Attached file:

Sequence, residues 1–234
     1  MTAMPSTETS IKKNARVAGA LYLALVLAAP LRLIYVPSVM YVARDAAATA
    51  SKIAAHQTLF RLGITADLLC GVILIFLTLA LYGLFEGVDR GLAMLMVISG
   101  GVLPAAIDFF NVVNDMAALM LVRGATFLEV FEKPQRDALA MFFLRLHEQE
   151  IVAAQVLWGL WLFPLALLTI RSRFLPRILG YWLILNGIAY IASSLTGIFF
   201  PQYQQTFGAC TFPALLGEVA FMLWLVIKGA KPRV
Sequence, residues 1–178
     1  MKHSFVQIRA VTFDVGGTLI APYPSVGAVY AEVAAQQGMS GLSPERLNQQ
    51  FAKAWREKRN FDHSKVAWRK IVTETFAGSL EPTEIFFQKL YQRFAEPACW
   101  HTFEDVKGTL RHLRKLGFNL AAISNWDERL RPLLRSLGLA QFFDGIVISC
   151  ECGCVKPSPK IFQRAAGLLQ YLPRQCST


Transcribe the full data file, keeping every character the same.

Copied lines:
Sequence, residues 1–234
     1  MTAMPSTETS IKKNARVAGA LYLALVLAAP LRLIYVPSVM YVARDAAATA
    51  SKIAAHQTLF RLGITADLLC GVILIFLTLA LYGLFEGVDR GLAMLMVISG
   101  GVLPAAIDFF NVVNDMAALM LVRGATFLEV FEKPQRDALA MFFLRLHEQE
   151  IVAAQVLWGL WLFPLALLTI RSRFLPRILG YWLILNGIAY IASSLTGIFF
   201  PQYQQTFGAC TFPALLGEVA FMLWLVIKGA KPRV
Sequence, residues 1–178
     1  MKHSFVQIRA VTFDVGGTLI APYPSVGAVY AEVAAQQGMS GLSPERLNQQ
    51  FAKAWREKRN FDHSKVAWRK IVTETFAGSL EPTEIFFQKL YQRFAEPACW
   101  HTFEDVKGTL RHLRKLGFNL AAISNWDERL RPLLRSLGLA QFFDGIVISC
   151  ECGCVKPSPK IFQRAAGLLQ YLPRQCST